I was expecting that when specifying multiple InputProperties the rule evaluation would be triggered on a PropertyChanged event of any of them.
Example: Property Sum is evaluated as A + B + C, a rule is added for Sum (primary property) with input properties A, B and C. When A, B or C changes, nothing happens.
The alternative is to write 3 almost identical rules with respective primary properties A, B and C. The other 2 are input properties and Sum is an affected property. That works but seems rather ridiculous.
In a nutshell: I am looking for a AddDependentProperty substitute
There are three things: input properties and affected properties and out properties.
Input properties just indicate that your rule needs that property value, so the rule engine copies the value into a dictionary and provides it to you. There's no expectation that you'll change the value just because you needed to look at it. That might simplify some of how this works, but it would be inefficient in the case where you need several properties to evaluate some other property that you are actually changing.
Affected properties are properties you are saying you'll affect (directly or indirectly). These are like dependent properties.
Out properties are properties you've added to the out dictionary. When your rule completes, the rule engine updates the business object properties with the values in that dictionary. Out properties are automatically added to the affected property list.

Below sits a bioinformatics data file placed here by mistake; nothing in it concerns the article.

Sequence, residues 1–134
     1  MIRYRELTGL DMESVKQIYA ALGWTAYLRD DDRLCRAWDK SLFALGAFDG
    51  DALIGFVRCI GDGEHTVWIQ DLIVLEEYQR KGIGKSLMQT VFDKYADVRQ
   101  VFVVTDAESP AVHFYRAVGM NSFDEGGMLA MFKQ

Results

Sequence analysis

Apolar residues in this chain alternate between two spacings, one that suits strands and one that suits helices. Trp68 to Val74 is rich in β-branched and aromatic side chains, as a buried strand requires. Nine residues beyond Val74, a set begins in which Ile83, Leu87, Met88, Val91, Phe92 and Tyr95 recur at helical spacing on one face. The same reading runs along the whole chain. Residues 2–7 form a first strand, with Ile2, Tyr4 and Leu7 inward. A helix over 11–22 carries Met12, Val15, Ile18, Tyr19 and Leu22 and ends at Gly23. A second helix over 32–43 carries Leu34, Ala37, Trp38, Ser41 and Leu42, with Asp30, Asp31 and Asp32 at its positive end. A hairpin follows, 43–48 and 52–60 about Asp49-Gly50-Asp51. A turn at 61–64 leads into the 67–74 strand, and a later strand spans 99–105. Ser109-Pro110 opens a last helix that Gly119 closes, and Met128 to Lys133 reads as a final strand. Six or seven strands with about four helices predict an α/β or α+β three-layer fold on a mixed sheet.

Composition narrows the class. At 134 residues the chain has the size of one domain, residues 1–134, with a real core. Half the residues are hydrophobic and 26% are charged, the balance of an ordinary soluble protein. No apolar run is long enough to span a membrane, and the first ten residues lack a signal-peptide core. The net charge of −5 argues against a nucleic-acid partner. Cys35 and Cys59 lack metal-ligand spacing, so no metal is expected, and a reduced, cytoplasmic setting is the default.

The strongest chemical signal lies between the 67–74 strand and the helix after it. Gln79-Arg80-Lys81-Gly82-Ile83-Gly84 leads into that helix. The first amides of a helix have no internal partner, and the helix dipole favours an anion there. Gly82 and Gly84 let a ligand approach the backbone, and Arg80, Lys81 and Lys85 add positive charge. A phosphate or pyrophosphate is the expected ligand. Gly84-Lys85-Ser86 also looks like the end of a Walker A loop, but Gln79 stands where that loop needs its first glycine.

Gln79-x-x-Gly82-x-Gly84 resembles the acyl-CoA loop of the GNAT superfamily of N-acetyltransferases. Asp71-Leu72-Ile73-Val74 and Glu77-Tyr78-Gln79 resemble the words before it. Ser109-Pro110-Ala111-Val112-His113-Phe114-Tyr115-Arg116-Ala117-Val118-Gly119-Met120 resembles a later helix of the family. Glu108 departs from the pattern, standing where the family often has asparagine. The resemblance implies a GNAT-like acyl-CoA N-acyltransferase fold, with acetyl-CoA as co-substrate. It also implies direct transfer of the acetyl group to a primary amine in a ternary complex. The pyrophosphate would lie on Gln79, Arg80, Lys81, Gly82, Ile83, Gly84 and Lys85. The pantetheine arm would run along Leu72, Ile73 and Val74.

I figure I understood the various property sets well.
However, no matter whether you use the input properties to calculate a new value for the primary property or to validate it, the result may possibly be different when one (or more) of those input properties change. So you would expect the rule to be re-executed every time one of those input properties changes. This was easily accomplished in version 3 using AddDependentProperty but now there is no real mechanism for it.
I'd say that version 4 only provides dependency declaration in one direction: from the primary property to the affected properties (including the out properties). Not the other way round. The mechanism (internally) is not that different from version 3 but on declaration there's no option to specify this reverse dependance.
You could of course accomplish this by writing a dummy rule that takes a primary property and an affected property and perform nothing within execute. In the previous example you would use this rule for A, B and C with affected property Sum. That should do the trick but seems silly.
Any pointers for a more elegant solution are welcome.
I see what you are saying. You are right, that's a drawback with the new model.
Believe it or not, I rather like your suggestion of a dummy rule. Though I think I'd put it in CommonRules and call it something like Dependency.
BusinessRules.AddRule(new Csla.Rules.CommonRules.Dependency(PrimaryProperty, DependentProperty));
Of course part of the reason I like this idea, is that the new rule engine really doesn't work like the CSLA 3 engine - there's no separate set of objects maintaining lists of dependent properties or anything. All metadata about rules are maintained in rule objects.
So whether we expose this Dependency rule or hide it behind an API, that's how dependencies are set up - be creating a rule with affected properties.
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